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Brash Not Brash Enough!

Brash Not Brash Enough!

Libertarianz Employment Deregulation Spokesman Warwick Malone cautiously congratulated Don Brash today for the former Reserve Bank Governor’s conclusions that so-called 'equal pay for equal work’ will be the next barrier to growth.

Malone says that Brash is right to question why a bureaucrat in Wellington should be allowed to determine whether a builder and a café worker should be paid the same. However, he says that Brash’s comment that “National supports pay equity when it means men and women with the same skill levels doing the same job” begs the question whether bureaucrats should be allowed to determine whether a man and a woman should also be paid the same.

“It’s the same question really,” points out Malone. “What Don appears to forget is that what an employer pays an employee is properly the business only of the employer and the employee. If Don is correct with his first example that a bureaucrat in Wellington should not determine pay levels (as he is) then he cannot be right with his second – it’s the same thing.”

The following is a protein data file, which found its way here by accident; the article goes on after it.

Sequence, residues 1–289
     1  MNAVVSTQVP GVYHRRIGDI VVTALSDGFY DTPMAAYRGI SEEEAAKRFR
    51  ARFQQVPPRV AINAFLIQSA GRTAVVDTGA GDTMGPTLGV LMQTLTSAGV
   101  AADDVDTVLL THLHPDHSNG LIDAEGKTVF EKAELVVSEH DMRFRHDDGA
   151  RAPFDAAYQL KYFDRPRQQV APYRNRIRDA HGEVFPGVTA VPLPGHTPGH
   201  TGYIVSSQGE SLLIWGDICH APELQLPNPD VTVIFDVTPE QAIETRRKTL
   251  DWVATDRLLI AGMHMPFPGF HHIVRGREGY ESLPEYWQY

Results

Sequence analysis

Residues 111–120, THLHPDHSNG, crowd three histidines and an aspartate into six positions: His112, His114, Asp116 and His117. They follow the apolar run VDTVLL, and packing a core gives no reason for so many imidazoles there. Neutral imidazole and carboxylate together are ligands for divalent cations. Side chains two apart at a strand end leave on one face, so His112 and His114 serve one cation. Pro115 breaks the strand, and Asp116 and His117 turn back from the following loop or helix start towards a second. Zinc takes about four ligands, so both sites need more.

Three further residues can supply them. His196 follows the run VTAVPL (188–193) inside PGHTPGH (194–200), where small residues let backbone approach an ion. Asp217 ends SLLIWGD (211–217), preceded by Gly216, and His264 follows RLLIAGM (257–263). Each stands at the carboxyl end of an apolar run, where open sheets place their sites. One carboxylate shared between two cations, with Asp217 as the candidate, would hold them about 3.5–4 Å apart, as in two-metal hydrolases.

Brash says that “pay rates should be determined by nothing more complicated than the laws of supply and demand” to which Malone heartily assents, adding: "More importantly, pay rates should be determined solely by the person paying the wages, to which an employee is free to agree or not. If that employer is irrational enough to pay people differently based on the employee’s sex, then that is their business - not the bureaucrats’, not the National party’s, and not Don Brash’s. The market leaves them free to make mistakes, and free to pay for those mistakes."

Warwick Malone confirms the consistency of this view, saying it entails the abolition of all workplace law including state-mandated Minimum Wages (as Don Brash once implicitly suggested), O.S.H., and so-called ‘Pay Equity’ law, and also the privatisation of A.C.C. “That will certainly remove the barriers to business," smiles Malone, who says Libertarianz are brave enough to advocate all the above. “I wonder whether National can say the same?”

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